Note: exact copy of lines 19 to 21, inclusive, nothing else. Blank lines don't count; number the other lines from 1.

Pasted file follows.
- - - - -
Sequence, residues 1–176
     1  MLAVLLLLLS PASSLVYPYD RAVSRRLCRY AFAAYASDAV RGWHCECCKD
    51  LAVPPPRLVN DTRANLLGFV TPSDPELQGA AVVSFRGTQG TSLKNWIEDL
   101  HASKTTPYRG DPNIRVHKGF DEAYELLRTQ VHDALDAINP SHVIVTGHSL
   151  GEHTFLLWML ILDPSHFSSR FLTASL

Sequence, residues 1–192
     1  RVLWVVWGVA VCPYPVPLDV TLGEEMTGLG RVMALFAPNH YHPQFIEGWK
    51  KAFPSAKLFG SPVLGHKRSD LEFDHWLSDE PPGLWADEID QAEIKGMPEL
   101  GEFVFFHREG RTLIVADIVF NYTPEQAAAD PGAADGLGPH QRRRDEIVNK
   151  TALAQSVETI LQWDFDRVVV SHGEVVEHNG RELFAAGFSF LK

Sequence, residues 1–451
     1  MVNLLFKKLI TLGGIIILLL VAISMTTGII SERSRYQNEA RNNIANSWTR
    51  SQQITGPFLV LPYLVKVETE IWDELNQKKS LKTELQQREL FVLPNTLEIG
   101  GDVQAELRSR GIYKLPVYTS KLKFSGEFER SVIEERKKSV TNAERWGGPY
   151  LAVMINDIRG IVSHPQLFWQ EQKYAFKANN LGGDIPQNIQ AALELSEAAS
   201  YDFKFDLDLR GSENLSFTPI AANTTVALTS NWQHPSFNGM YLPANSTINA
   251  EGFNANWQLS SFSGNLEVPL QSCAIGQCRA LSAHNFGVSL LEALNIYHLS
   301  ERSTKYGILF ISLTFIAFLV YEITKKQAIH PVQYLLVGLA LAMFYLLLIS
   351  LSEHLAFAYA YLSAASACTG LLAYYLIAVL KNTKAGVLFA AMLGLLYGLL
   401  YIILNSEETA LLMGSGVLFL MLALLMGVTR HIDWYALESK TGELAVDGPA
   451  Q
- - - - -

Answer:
   351  LSEHLAFAYA YLSAASACTG LLAYYLIAVL KNTKAGVLFA AMLGLLYGLL
   401  YIILNSEETA LLMGSGVLFL MLALLMGVTR HIDWYALESK TGELAVDGPA
   451  Q